Seasonal food – what does it mean in the summer?

Letters spelling out SUMMER on a beach under blue sky and a little sunshade

Summer is approaching, and you might be feeling the effects of it in the foods you’re starting to crave and eat!

I always find that summer means I crave more fresh salads, fruit and lighter foods…

Let’s talk about why that is, and what are the other ways summer affects our well-being, and how we can best offer our body what it requires during this season!

According to Chinese medicine, summer is related to the fire element – it’s certainly not hard to understand why. Summer is a season of growth and abundance, and the dominant energy is the one called “yang”. In order to resonate with yang energy we must try and express the energy of bursting out, growing, illuminating and creating. To be in harmony with the world, we must wake up early in the morning and reach for the sun to nourish and bloom – like the growing world. We have to work, play, travel, rejoice and grow into selfless action. The abundance in the world comes in and enriches us.

Use colourful summer fruits and vegetables to create beautiful meals. Cook lightly, and frequently add a little piquant or spicy flavours . Food should be steamed or cooked as quickly as possible, and our diet should reflect this. Use a little salt and plenty of water.

Summer offers abundance, which we should see on the plate. Minerals and oils come out of our body in sweat, and their loss can lead to weakness if not replaced through a varied diet. Drink hot beverages and take hot showers to encourage spontaneous sweating to cool the body. Summer heat combined with cold foods weakens the digestive system – foods like ice cream may shrink the stomach and stop digestion. On hot days we need to eat cooling, fresh foods like salads, sprouts, fruits, cucumber, tofu and such like. The most recommended fruits are apples, watermelon, lemon and lime. Hot or spicy foods can be excellent – they raise the heat in the body, but expel the heat to the outside of the body, where it evaporates – when the outer part of the body is hot, we will suffer less from the effect of the heat outside. Living in the Mediterranean I really noticed this, and eating chilli peppers made a huge difference for me as I’m really not one to enjoy the hot weather…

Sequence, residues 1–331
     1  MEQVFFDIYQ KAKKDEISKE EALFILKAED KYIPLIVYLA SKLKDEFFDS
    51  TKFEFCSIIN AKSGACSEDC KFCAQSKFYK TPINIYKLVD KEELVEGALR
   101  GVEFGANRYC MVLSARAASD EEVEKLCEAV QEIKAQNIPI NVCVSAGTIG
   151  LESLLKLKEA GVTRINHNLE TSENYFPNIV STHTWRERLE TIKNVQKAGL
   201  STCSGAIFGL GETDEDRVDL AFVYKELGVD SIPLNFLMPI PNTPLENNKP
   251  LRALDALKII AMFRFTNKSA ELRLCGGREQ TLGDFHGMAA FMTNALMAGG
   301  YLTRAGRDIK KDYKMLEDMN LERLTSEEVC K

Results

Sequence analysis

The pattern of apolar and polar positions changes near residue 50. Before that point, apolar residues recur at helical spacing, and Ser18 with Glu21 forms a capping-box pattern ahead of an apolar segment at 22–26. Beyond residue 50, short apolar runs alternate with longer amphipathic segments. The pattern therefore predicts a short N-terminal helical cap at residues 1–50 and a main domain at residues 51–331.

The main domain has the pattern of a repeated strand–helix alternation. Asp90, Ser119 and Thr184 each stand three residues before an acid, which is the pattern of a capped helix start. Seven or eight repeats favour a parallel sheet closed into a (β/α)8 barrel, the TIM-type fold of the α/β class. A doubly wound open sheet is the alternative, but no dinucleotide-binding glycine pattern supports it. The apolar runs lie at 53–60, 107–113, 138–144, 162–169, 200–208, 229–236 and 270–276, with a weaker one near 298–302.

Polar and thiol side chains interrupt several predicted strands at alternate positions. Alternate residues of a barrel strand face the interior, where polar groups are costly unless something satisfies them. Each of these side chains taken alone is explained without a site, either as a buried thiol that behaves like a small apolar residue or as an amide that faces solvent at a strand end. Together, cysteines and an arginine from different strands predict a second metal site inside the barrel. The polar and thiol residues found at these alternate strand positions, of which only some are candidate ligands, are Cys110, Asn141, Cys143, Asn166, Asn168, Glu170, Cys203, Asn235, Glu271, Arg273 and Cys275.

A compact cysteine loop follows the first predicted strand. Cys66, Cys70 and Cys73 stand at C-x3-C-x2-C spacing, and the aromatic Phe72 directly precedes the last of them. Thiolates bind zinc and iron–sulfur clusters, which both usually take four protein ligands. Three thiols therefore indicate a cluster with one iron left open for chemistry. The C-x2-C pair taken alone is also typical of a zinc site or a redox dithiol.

Of course, if we consume too many scattering foods, we will lose yang and create weakness – we will lose our ability to stay warm in the cold seasons. Heavy foods such as meat, eggs, an excess of nuts and seeds and grains on hot days create slowness.

The fire element, according to Chinese medicine, controls the organs of the heart and small intestine. The role of the heart is not only to regulate blood flow, but also to control consciousness, soul, sleep, and memory, and the heart is home to the Shen (according to Chinese medicine there are 5 souls which reside in different organs). When the heart functions harmoniously people seem sociable, modest, kind hearted and aware. Clarity is a notable feature, they appear to be able to see effortlessly through problems and come up with wonderful solutions.

In summer there can be a tendency for absent-mindedness and restlessness.

Nutrition for calming and focusing the soul:

Chinese medicine suggests a simple diet with occasional fasts, which is very helpful in creating peaceful and deep thoughts. In addition, avoid bad habits that scatter the thoughts and warm the body to the point of depleting the yin. Too many ingredients in a meal, spicy or rich foods, processed sugar, alcohol, coffee, late-night eating, and large evening meals can cause insomnia, as well as an excess of thoughts during the day.

Recommended foods for relaxation, treating insomnia, and improving concentration by calming the mind and focusing thought are grains, mushrooms, green foods (cucumber, celery, lettuce and their juices), fruits, seeds, spices like dill and basil, as well as herbs like chamomile, catnips, valerian.

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